Worcester Polytechnic Institute Electronic Theses and Dissertations Collection

Title page for ETD etd-0428103-155152


Document Typethesis
Author NameSellers, Ana M.
URNetd-0428103-155152
TitleEnvironmental Quality Assessment of Georges Bank for Atlantic cod (Gadus morhua)
DegreeMS
DepartmentBiology & Biotechnology
Advisors
  • Dr. Jeffrey Tyler, Advisor
  • Dr. Jill Rulfs, Committee Member
  • Dr. J. Michael Jech, Committee Member
  • Keywords
  • Georges Bank
  • Atlantic cod
  • environmental quality
  • Date of Presentation/Defense2003-04-22
    Availability unrestricted

    Abstract

    The Georges Bank area in the northwest Atlantic Ocean plays an important role in New England’s economy. Overfishing has led to a rapid decrease in cod population numbers, leading to a collapse in certain stocks. Currently, the rate of decrease in cod numbers has slowed; however, population numbers are still low.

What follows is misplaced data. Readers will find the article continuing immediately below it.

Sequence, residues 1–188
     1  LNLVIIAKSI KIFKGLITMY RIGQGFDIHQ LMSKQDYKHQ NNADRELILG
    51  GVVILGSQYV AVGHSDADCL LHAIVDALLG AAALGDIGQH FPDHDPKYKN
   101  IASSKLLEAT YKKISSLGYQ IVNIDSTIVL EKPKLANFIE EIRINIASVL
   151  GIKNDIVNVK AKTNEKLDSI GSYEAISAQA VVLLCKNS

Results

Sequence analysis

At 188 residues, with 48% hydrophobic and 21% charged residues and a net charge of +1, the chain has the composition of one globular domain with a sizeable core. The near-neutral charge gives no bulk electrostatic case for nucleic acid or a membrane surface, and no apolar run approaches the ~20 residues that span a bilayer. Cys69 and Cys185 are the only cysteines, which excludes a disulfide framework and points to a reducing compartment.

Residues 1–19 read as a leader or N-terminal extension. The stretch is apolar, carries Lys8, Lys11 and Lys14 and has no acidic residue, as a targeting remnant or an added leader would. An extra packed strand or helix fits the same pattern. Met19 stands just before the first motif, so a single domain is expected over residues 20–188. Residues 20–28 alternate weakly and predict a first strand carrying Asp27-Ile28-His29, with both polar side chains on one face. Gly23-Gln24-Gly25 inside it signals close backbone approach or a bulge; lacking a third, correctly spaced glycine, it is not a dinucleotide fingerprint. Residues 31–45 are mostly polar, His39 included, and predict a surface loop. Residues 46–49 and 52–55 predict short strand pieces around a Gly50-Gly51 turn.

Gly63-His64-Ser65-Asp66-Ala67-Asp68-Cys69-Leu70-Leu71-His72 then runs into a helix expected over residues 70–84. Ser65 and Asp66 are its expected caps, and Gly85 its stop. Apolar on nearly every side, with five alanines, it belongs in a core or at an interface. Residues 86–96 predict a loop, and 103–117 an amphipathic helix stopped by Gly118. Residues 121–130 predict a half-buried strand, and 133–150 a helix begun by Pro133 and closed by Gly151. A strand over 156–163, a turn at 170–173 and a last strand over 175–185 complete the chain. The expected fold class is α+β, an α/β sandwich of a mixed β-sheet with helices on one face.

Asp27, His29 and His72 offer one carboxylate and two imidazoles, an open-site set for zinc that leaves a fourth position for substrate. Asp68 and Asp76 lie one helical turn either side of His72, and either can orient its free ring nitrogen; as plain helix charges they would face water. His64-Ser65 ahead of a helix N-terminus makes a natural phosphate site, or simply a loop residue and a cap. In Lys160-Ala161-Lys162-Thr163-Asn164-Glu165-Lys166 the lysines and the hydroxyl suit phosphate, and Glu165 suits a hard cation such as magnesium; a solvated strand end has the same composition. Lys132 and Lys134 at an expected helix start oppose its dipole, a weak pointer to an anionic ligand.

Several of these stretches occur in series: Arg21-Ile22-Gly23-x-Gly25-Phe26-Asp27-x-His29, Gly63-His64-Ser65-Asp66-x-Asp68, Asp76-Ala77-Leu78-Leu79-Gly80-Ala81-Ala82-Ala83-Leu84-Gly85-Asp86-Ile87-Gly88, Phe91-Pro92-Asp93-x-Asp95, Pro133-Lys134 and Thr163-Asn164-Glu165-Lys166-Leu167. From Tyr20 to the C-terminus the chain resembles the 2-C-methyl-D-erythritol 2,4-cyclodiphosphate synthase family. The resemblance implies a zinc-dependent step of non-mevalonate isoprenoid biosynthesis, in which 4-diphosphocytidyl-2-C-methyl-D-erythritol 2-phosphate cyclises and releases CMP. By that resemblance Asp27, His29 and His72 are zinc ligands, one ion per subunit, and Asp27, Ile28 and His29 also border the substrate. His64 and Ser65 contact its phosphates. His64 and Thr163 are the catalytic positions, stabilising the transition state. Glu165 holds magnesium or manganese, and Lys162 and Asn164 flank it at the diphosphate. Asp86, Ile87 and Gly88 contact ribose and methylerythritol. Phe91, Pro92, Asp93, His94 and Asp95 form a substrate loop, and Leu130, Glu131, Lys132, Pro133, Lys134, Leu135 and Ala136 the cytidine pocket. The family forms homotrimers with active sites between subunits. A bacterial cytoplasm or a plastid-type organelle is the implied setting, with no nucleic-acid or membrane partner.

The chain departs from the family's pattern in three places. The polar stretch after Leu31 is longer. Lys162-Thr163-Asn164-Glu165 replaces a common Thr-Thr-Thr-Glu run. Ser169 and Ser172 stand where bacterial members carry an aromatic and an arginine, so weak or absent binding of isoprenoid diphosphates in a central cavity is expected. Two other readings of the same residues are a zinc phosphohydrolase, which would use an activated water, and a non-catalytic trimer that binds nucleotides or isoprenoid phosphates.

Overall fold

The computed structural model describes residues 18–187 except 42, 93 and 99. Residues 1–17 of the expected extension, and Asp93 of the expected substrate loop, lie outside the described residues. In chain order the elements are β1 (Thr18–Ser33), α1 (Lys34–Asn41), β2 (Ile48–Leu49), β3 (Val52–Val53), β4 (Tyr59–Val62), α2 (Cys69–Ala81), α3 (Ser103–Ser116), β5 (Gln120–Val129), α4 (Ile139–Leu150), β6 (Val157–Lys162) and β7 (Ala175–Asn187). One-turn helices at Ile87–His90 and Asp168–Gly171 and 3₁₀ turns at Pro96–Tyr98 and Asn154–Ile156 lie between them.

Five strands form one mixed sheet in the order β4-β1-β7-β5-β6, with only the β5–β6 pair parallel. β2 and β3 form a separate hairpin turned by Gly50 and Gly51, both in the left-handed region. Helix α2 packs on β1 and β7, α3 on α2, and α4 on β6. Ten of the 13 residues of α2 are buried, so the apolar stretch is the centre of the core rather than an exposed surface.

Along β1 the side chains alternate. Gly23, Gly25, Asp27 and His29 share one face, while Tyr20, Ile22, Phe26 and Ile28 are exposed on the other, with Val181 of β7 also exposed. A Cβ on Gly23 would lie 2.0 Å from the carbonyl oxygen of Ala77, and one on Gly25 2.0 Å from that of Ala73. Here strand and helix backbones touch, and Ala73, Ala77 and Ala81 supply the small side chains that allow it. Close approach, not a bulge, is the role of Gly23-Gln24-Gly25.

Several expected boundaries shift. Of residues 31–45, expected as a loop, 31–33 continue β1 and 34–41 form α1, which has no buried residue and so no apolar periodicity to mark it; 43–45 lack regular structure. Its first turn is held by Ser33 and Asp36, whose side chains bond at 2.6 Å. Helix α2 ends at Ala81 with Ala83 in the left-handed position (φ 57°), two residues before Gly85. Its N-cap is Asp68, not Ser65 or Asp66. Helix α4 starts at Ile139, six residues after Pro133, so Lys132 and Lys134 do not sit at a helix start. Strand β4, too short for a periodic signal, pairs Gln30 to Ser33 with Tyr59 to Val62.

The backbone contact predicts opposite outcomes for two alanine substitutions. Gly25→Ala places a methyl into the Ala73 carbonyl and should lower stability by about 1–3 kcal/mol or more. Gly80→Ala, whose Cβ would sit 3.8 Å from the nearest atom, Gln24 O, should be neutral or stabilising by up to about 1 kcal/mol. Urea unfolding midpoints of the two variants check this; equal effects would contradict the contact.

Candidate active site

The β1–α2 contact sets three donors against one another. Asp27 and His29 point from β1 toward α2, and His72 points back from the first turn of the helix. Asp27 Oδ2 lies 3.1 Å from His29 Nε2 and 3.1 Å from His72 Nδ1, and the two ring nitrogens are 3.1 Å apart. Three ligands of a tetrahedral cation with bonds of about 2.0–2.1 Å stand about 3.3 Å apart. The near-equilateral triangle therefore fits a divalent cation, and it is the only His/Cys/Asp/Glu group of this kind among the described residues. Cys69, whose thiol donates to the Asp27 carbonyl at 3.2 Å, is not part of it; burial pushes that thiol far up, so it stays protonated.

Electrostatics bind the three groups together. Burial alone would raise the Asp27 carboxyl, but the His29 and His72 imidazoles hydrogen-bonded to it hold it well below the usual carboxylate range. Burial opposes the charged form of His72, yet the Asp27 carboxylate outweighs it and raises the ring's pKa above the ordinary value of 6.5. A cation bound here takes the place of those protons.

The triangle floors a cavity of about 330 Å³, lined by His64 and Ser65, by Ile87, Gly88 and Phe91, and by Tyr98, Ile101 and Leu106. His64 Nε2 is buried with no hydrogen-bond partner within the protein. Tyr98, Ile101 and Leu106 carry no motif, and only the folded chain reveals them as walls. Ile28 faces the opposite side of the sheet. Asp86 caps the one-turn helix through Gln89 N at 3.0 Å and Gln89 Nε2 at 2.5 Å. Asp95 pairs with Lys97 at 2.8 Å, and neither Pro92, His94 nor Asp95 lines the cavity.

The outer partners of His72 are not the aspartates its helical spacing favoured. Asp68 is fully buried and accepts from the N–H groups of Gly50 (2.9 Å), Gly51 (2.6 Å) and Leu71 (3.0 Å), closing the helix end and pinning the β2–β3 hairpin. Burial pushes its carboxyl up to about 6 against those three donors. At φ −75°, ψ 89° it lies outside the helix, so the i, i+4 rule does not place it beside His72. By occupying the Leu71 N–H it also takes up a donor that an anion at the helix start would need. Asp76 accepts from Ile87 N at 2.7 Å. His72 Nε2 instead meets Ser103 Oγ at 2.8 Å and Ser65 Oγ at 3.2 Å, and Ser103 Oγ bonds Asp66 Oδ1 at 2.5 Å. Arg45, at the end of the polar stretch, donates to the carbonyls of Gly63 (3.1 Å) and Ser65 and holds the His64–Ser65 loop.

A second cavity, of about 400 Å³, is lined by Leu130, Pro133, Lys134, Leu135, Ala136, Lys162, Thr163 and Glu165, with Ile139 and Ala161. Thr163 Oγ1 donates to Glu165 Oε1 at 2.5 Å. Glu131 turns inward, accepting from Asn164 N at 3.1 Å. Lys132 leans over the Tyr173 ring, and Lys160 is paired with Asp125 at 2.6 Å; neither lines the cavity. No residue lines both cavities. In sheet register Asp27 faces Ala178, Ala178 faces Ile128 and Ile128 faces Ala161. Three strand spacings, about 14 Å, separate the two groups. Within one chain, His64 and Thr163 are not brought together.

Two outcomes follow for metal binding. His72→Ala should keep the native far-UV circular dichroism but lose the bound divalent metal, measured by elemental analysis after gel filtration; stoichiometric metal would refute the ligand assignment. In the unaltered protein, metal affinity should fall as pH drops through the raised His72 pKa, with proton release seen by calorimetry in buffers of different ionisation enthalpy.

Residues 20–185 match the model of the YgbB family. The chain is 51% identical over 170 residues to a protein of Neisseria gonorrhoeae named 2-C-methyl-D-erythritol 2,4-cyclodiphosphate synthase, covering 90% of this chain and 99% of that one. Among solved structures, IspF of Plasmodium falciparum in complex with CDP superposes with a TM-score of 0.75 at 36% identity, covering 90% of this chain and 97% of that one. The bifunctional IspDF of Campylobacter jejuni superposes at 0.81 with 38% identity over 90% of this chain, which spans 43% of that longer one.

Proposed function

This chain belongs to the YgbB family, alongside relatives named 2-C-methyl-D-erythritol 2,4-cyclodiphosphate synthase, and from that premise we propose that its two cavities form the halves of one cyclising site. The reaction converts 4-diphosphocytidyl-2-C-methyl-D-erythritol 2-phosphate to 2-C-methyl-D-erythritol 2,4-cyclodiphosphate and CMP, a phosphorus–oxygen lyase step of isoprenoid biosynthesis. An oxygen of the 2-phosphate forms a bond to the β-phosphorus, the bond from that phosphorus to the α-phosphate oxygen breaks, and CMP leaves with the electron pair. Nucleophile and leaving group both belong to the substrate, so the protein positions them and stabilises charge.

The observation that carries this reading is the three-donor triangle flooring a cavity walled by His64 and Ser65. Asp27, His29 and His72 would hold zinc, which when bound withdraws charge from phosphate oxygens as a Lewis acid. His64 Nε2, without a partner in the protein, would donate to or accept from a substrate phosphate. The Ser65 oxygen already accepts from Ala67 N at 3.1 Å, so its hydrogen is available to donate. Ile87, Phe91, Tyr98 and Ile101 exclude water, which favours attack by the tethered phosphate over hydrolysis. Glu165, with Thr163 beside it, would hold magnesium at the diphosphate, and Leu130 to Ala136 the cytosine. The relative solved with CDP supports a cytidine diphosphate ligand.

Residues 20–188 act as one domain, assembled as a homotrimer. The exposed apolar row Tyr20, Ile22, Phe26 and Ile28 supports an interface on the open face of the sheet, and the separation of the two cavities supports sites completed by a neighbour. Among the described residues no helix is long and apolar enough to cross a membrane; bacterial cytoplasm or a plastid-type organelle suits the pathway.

In this study, I use Growth Rate Potential (GRP) to assess the current environmental quality of Georges Bank and its suitability to support a cod population. GRP is the amount of growth predicted for a fish with known prey availability and environmental conditions. With prey availability and temperature data obtained during the fall fisheries acoustics surveys in 2000, 2001 and 2002, I developed spatially explicit GRP maps, using bioenergetic and foraging models, for Atlantic cod to determine the ability of the Georges Bank environment to support a cod population. Results show that Georges Bank is able to support growth for adult Atlantic cod.

    In addition to GRP analysis, I studied nucleic acid concentrations of Atlantic herring. Nucleic acids play an important role in growth and development, and have been used to assess physical condition of fish as well as and current growth rates. In this study, I determine total nucleic acid concentrations of Atlantic herring caught during three different spawning stages: pre-, post-, and non-spawning, to determine how nucleic acid concentrations and energy allocation vary seasonally. Results support the hypothesis that nucleic acid concentrations can be used as condition indicators, and are highly sensitive to the spawning stage of fish showing a significant difference between the three groups, which may affect their ability as condition indicators.

    Files
  • sellers.pdf

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